Dogs Trust, The Gateshead Housing Company and Gateshead Council held a responsible dog ownership event offering local pooches free microchipping and health checks.
The law has recently changed, and owners now must have their pet microchipped to enable dogs to be traced and to deter thefts.
The event, held at The Salvation Army on Sunderland Road, was a big success, with lots of local residents bringing along their four-legged friends.
Experts from the PDSA were on hand to give advice on local veterinary services, and Gateshead Council’s Dog Control Team gave “pointers” on how to be responsible dog owners, and advised on the penalties for failing to do so.
Vets performed free microchipping, chip checking and health checks. Attendees were offered free goodies including poop scoop bags – and supporting vet Blythman and Partners offered discounts on getting your pet neutered.
“I’m thrilled that we could help our residents keep their canine friends safe, healthy and happy.”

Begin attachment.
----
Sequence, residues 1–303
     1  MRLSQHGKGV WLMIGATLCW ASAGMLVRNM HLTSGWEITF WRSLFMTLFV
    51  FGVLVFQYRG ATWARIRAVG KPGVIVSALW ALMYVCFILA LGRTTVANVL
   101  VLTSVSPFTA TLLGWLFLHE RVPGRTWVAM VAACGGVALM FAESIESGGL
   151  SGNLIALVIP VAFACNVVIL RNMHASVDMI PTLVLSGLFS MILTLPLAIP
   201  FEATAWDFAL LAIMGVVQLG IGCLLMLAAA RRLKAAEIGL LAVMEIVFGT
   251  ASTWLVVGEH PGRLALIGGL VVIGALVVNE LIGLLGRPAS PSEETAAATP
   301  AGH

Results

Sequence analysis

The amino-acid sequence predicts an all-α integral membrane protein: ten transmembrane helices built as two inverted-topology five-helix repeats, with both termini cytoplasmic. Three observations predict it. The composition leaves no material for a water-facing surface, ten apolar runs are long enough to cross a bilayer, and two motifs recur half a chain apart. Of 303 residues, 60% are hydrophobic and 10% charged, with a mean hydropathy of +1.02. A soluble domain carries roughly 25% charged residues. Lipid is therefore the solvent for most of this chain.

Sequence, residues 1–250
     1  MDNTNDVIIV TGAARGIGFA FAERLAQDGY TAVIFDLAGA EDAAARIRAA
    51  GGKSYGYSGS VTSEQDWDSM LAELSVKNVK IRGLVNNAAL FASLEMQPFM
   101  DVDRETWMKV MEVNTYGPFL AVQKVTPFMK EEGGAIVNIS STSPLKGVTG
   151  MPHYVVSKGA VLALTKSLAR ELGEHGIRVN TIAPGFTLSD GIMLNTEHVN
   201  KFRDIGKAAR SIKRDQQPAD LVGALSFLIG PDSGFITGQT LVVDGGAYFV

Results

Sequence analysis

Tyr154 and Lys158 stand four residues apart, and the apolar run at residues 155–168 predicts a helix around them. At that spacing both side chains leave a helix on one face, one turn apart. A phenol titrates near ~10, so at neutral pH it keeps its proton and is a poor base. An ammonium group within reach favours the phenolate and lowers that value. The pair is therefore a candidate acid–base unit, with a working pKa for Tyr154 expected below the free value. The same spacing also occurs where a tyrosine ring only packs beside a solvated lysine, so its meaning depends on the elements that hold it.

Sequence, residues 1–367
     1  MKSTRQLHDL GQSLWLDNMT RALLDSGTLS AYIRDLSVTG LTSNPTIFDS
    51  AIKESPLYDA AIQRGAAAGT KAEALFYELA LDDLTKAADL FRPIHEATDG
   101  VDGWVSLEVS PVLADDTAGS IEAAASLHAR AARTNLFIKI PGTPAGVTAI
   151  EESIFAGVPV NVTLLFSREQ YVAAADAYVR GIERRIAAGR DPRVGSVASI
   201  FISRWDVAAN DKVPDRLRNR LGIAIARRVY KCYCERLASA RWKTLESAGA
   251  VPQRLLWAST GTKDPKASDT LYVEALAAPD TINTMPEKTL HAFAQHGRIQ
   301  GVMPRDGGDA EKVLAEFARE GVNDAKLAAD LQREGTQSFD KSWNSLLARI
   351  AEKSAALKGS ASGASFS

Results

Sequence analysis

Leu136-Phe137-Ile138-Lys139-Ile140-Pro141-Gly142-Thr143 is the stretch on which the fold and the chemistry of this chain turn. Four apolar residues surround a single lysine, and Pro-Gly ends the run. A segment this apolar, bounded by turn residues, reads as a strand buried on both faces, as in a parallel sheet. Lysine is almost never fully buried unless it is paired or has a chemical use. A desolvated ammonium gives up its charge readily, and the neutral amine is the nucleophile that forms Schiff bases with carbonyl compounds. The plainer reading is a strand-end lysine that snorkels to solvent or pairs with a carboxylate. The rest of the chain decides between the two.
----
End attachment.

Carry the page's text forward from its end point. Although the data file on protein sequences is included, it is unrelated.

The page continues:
Want to know more?
If you need help to get your dog microchipped, visit the Dogs Trust website.
What are the benefits of microchipping?
- All puppies are traceable to their breeder thereby helping reduce the problem of puppy farming and lessening the incidence of infectious disease and inherited defects from which many of these dogs suffer
- Deterrent to dog theft
- Allows for rapid return, meaning that local authorities are able to emphasise to the dog owners concerned that straying is not acceptable, the intention being that this education will lessen the likelihood of a dog straying again and reinforce the responsibilities of the owners under the Animal Welfare Act 2006
- Easier identification and subsequent arrests of owners culpable of animal cruelty
- Enables veterinary surgeons to contact dog owners for emergency procedures
- Allows identification of dogs in properties in emergency situations so that dogs and owners can be moved and reunited more quickly.
The legal obligations:
From 6 April 2016 all dogs are required to have a microchip.
Owners of dogs found by the police or local authorities not to have a microchip will have the benefits explained to them and be given a short period to comply with the microchipping law.
If they do not, they will face a fine of up to £500.
Photo: Darren Edwards from Felling with dog Max.